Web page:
despite podiatry advice & shoe inserts the bunion on my big toe is worsening. I believe it is linked to my PD gait. can anyone advise?

This bunion seemed to form on my right big toe around time of my PD diagnosis in Nov 2011, although I had noticed my walking was a little different for a year or so before this. The podiatrist thought the bunion was related to wearing mule style shoes ( backless) too much, as well as fact that my left leg is shorter. the podiatrist provided some inserts ( right side thicker than left - a surprise to me) and advised greater variety in shoe type as long as they are wide enough in toe box, sensible and of course comfortable. I have broad feet anyway so have always chosen shoes as carefully as possible and that is why mule style shoes seemed appropriate in recent years. Now I find mules offer less support so they are off menu now. In past months the bunion has increased in size, is more painful and is starting to push toe over a little plus ingrowing toe nail. I am waiting for another podiatry appointment but this is a slow process. I now believe that Parkinson gait changes are causing this bunion development and wonder if anyone has experienced similar and can offer any information or advice. Is there anything available that could help straighten / improve toe alinement? In addition I have wondered about getting a pair of shoes custom made, however I have googled this without success in UK.

Looking forward to replies.


4 Replies

  • This is an interesting consideration. I developed a bunion on my affected side around the same time as my PD dx but I never thought of any relationship between them. My big toenail has also become dark and thick - what of yours? Advice? Sorry I don't have any. I just have to be careful to wear shoes that are sturdy and don't irritate the bunion. I'm interested to hear what you have learned about it.

  • Hi Lesleyd,

    Our biographies look similar so I will message you privately via this site. Please feel free to read my biog & see if you like to talk further.

    Re the bunion:

    1.is there a history of bunions in your family? Bunions can be familial - mine skipped a generation - my grandfather had bad ones - mother not - myself & siblings all have them.

    2.are they related to PD? I think not, in my case anyway. One thing which might make it seem so is that they can affect your posture, balance & gait.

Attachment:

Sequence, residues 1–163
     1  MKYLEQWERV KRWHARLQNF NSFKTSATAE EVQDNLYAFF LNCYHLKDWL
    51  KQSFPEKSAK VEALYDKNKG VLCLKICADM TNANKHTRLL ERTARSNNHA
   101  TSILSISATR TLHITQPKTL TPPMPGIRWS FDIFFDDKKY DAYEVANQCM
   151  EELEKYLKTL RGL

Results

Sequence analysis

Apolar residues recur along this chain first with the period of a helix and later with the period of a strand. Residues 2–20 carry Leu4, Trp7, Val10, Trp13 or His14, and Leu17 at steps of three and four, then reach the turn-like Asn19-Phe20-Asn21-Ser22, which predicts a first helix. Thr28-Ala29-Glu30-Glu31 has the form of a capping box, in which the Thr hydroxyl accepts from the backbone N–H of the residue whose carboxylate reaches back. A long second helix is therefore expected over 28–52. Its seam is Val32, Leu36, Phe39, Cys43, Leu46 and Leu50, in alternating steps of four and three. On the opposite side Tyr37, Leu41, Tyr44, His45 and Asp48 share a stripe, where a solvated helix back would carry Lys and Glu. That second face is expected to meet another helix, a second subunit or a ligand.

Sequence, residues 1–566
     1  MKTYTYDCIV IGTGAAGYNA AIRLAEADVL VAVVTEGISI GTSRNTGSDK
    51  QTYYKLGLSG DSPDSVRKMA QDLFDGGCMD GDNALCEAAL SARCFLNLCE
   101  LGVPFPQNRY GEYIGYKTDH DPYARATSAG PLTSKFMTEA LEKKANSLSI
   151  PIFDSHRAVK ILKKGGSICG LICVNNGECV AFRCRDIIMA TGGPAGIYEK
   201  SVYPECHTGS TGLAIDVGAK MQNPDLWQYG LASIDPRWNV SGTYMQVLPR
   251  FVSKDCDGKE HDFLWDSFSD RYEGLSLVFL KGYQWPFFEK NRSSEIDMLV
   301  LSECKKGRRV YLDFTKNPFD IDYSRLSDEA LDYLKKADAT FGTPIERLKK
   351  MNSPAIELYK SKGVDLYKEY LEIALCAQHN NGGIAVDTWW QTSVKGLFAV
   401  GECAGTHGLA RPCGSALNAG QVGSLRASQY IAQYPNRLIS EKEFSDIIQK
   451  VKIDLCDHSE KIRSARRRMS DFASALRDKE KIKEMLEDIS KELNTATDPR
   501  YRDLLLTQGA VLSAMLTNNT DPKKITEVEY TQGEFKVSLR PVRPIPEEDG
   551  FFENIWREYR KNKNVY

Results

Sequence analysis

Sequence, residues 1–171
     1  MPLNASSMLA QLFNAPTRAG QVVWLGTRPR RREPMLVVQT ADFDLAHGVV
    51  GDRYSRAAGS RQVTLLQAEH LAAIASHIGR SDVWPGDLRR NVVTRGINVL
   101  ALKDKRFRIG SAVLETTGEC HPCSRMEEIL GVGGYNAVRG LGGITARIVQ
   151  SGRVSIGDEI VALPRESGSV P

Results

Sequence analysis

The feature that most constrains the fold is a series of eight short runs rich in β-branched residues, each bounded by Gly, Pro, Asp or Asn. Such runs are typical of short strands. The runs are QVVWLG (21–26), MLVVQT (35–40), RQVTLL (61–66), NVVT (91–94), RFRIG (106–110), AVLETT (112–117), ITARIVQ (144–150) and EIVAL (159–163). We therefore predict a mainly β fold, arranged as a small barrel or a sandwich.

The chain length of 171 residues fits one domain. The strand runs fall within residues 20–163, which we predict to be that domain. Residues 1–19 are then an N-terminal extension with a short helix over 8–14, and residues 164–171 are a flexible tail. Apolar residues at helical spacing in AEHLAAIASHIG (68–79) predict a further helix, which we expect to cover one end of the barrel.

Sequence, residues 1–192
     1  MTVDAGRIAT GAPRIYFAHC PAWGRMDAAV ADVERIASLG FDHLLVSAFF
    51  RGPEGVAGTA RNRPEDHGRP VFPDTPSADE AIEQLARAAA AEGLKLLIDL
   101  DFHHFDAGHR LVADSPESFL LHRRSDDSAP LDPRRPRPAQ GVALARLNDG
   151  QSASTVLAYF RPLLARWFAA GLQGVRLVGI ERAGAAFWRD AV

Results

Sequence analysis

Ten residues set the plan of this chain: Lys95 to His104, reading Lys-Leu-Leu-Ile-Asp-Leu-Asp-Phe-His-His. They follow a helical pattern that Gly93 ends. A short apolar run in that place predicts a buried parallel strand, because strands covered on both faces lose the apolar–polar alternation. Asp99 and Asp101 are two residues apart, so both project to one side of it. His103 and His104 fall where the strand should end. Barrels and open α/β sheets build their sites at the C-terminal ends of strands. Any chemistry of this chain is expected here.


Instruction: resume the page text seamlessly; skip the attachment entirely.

3.do you have flat feet? Could be just a coincidence but many people with bunions also suffer flat feet. Mine had been flat for years unnoticed by physios who thus tried to give exercises which were physically impossible.

    4.a 20 minute session with a podiatrist in a Scholl shoe shop determined the flat feet - she asked me as I walked in whether or not I knew. The rest as they say is history.

    5.inserts & orthotics? I tried the various options offered after assessment at our local hospital. None of them worked &/or suited me despite fair trials except a pair of sandals I had made specially by **Orthaheel.

    6.when trying any treatment for the feet don't forget the impact on the spine of any postural changes. These can be bad as well as beneficial.

    7.what about surgery? After years of being told that my bunions were 'cosmetic' (bottom of the NHS list) I saw an orthopaedic surgeon re the clawing of the toes on my (affected) left side. He gave me a cortisone injection. This & the follow up exercises plus my positive attitude (sometimes called aggressive) gave excellent results on the movementt of the foot, though the bunion 'frozen' big toe was stopping total success (viz natural gait & straight toes). For being a good girl I was offered bunion surgery which I had done in November last year. This procedure was accompanied by 2 other minor ones to shorten a toe & to re-shape the arch. The pain was nowhere as bad as I had been led to expect (my sister & brother both had the op before me). I did as I was told & rested then heel-walked in an open boot. After 6 weeks the plaster was removed - it just slid off! My foot was straight & the only evidence of surgery was/is a fine scar.

    The cons of surgery.

    I was bored & frustrated at the lack of activity & my concentration was adversely affected by the pain killers so my usual diversions such as crosswords & reading were out. ALSO as my posture was being realigned my back & hips became painful as they were in positions they hadn't for 8 years. AND as my symptoms are left side only I couldn't make use of some of the aids such as crutches. I used a zimmer round the house & a triangular walker which had been my late mother-in-law's . We rented a wheelchair from the Red Cross for outdoor activities.

    **When Orthaheel were taken over by Scholl I think they stopped making individual shoes.

  • Last year I had surgery on the 4 small toes on my left foot for hammer toes. It was la terrible found to be dystonia. The dystonia then caused my big toe to become so deformed and painful (despite botox) that I had the toe fused 3 weeks ago. I'm glad I had both surgeries as the pain is greatly reduced. I'm still receiving botox injections and will as long as they still help. I am now finding the toes curling on my right foot. I will do injections and/or surgery as needed. I will do anything to help keep me mobile.

  • I to have this problem and the foot DR said it is from the pd shuffle. great sounding dance


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